Ten years ago, Paul Feig’s uproarious comedy centered the lives and relationships of women in revolutionary ways.
Jeremy Saulnier’s brutal thriller feels even more urgent and frightening now than it did upon release.
From meta commentary to social commentary, Wes Craven’s final film is a bundle of cinephilic sarcasm that was ahead of its time.
Two cult TV comedies made furtive attempts at the big screen in 1996, and the results were as unappreciated then as they are now.
The clever satire of pop culture consumerism is still as fresh and relevant as ever.
John Boorman’s extravagant take on the King Arthur legend holds up as a dazzling, over the top fantasy epic.
Marlon Brando’s sole directorial credit is a messy but fascinating combination of Western and Freudian drama.
The underrated teen comedy-drama about a lonely, lovelorn nerd turns 35 this year.
Five years on, we look back at the film that almost made a Cloverfield universe possible.
Perhaps the best of the Bond rip-offs, this 60s classic offers style, self-aware humor, and an iconic performance by James Coburn.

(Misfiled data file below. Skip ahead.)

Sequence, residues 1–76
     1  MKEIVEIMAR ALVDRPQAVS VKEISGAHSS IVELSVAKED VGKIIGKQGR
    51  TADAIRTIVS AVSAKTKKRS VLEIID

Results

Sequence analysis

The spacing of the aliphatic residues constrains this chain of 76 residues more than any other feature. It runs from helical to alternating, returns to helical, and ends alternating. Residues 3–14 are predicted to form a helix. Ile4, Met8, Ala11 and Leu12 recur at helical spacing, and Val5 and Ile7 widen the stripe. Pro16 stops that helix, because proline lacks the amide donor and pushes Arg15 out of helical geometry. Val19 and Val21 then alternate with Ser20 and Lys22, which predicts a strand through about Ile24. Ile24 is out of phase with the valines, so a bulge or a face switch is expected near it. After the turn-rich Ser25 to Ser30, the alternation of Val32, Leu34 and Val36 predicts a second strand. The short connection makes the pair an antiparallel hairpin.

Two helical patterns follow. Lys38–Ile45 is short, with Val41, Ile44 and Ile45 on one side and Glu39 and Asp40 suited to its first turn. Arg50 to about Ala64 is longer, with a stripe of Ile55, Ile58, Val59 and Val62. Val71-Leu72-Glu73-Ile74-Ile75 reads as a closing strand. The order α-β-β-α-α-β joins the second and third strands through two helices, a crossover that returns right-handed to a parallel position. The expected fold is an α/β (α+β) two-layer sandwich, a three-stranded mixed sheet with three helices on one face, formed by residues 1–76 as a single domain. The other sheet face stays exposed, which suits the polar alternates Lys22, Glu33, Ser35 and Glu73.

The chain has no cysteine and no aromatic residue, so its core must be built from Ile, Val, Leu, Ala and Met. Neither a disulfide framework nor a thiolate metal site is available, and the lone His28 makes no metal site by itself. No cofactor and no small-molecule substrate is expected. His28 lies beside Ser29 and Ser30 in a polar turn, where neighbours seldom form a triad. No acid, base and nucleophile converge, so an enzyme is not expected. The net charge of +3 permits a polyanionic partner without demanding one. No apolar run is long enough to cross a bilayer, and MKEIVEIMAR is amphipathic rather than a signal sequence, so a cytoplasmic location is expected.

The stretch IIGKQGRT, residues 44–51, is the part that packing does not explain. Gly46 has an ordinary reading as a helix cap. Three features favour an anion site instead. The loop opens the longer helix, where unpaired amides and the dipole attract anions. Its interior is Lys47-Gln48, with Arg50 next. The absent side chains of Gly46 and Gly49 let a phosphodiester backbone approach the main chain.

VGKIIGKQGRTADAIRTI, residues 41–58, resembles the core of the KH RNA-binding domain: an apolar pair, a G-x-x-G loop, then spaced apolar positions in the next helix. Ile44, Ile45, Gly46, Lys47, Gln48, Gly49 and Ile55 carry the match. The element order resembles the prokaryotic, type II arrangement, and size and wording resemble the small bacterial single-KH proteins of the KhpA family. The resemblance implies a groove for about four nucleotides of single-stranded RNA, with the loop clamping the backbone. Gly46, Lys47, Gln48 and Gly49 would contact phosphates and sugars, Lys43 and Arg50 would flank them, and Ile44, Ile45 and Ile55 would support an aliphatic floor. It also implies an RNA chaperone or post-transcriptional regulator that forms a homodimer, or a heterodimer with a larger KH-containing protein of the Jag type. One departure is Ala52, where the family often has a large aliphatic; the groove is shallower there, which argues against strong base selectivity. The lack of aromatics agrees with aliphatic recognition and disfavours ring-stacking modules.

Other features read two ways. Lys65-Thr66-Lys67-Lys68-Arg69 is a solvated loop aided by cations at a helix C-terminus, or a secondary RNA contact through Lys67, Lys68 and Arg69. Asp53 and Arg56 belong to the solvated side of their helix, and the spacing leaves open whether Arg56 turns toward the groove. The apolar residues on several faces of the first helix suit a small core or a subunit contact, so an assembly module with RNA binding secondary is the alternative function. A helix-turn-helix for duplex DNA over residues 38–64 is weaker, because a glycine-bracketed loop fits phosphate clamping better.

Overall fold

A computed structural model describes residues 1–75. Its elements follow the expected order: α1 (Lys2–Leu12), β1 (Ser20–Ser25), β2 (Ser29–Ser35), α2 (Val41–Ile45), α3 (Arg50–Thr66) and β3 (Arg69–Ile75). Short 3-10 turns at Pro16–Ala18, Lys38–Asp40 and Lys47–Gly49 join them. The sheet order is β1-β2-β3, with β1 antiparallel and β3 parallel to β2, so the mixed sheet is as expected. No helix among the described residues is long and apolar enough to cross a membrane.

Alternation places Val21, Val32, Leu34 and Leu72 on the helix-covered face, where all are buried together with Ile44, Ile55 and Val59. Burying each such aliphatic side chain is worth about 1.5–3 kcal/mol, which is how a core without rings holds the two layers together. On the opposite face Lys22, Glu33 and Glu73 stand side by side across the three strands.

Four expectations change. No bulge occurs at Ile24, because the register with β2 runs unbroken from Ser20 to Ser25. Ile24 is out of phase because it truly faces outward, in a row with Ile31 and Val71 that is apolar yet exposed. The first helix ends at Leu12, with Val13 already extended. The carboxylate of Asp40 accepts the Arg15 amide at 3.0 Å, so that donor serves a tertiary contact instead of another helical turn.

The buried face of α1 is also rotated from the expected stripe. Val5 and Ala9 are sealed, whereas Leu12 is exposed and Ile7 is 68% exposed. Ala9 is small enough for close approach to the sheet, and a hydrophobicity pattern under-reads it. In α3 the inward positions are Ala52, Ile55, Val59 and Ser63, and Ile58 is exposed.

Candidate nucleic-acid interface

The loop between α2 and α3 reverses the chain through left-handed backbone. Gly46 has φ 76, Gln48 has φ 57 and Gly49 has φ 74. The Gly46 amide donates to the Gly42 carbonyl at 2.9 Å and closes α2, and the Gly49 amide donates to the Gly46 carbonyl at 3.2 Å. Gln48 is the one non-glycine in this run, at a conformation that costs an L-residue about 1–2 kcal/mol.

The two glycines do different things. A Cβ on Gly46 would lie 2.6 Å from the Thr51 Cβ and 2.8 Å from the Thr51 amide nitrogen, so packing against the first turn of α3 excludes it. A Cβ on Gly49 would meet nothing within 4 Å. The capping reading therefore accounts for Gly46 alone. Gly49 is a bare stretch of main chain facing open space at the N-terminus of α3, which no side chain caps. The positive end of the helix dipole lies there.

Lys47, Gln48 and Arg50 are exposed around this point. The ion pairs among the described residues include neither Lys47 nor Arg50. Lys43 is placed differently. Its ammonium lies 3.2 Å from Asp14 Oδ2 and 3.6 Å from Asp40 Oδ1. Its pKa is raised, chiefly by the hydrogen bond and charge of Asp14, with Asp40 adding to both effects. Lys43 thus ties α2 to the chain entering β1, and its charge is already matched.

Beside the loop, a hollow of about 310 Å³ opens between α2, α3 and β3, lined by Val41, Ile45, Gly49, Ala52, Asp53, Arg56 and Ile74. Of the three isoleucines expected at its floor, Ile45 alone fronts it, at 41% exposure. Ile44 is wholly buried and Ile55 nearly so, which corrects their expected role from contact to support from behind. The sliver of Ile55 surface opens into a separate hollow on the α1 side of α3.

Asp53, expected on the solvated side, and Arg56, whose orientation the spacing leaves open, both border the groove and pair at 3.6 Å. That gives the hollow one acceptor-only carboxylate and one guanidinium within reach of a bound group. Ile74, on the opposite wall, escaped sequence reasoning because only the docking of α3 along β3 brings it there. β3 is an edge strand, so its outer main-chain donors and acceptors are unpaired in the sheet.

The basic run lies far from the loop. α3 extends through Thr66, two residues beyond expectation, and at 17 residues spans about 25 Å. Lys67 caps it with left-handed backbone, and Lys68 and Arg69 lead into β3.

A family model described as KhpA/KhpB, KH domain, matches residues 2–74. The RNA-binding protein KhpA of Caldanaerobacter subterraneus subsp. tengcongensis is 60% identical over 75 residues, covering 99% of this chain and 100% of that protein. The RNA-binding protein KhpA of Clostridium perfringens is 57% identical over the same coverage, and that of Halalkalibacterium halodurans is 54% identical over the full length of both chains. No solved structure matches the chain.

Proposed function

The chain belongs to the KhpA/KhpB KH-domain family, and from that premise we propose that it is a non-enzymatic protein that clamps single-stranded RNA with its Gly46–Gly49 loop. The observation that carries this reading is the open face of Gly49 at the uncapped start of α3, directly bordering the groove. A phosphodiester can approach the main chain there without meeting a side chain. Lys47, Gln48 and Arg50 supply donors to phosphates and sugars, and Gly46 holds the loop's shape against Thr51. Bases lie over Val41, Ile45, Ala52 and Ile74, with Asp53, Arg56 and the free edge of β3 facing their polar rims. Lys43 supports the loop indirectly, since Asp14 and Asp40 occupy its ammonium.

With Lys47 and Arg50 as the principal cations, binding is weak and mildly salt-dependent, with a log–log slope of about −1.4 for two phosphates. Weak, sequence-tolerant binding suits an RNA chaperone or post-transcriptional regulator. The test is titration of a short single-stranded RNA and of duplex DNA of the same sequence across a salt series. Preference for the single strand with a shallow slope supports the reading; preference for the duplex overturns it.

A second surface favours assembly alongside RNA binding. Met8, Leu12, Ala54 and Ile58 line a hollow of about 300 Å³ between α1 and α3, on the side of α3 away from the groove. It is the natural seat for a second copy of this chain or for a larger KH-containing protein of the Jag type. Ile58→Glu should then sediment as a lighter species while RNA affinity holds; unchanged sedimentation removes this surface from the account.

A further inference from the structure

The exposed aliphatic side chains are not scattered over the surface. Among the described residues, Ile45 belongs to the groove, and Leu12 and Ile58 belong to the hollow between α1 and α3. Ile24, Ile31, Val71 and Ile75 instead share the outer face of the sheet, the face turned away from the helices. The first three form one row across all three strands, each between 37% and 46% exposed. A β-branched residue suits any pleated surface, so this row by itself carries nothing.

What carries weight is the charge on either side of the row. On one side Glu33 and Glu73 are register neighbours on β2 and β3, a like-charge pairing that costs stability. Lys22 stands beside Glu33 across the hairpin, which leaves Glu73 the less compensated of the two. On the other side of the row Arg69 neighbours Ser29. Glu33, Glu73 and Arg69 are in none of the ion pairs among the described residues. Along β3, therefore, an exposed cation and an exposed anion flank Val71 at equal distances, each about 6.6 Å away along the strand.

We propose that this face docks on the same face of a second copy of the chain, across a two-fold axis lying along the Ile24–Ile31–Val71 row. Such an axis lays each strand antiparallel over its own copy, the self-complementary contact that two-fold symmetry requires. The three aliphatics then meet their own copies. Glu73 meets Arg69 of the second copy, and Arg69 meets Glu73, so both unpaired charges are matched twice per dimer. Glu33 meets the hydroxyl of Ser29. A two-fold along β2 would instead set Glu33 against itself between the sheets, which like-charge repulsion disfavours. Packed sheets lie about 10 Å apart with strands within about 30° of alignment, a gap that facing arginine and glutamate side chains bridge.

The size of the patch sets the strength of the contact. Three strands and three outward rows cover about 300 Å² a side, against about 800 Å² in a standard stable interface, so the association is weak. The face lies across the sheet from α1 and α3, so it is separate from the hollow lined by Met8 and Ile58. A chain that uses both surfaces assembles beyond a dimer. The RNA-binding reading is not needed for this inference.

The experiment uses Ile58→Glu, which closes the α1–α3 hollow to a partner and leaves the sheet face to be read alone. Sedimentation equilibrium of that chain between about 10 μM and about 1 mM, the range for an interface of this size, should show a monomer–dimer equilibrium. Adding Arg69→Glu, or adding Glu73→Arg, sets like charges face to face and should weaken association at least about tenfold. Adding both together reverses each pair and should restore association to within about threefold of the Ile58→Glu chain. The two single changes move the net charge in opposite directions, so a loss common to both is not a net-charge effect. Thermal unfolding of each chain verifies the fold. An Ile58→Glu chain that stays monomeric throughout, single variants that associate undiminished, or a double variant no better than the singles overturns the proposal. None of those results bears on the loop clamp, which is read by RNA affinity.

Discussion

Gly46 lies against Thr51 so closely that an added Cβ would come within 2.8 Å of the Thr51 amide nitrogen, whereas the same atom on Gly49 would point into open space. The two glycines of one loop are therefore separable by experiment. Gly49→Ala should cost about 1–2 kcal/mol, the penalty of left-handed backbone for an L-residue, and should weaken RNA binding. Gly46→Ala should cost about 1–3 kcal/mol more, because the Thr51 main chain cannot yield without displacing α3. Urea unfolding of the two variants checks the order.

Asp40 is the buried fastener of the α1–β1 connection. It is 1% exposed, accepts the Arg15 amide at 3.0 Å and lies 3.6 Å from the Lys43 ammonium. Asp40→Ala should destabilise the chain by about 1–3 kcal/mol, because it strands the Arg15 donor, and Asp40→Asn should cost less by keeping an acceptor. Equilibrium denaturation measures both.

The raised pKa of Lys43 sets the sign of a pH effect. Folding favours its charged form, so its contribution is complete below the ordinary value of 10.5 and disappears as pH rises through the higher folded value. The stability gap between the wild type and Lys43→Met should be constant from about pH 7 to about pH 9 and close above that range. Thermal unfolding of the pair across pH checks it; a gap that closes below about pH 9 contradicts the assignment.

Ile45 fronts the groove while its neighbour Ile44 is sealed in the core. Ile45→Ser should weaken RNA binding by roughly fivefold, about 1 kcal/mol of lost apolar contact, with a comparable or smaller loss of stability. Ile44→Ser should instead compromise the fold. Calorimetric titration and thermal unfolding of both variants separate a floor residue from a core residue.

Four decades on, Ken Russell and Paddy Chayefsky’s psychedelic nightmare remains a testament to the perverse power of artistic conflict.
Robert Altman’s adaptation of the seminal comic strip remains a prime example of how to bring a cartoon to life in earnest.
The futuristic religious allegory set to a disco-rock soundtrack turns 40 this week, & must be seen to be believed.
Ron Howard’s live-action take on the Dr. Seuss classic remains a crass & unpleasant mess that has the gall to present an anti-materialism message.
Jean-Luc Godard’s tale of fractured romance and love on the run, is one of the most fearsome, rebellious works of his career.
An under-appreciated work from the filmmaker and a career rebound, Martin Scorsese’s screwball comedy remains one of a kind.
Despite on-set conflict, Lars von Trier’s collaboration with Björk is still emotionally devastating and superb two decades later.
David Fincher’s bleak, gruesome murder mystery packed a punch audiences have never forgotten.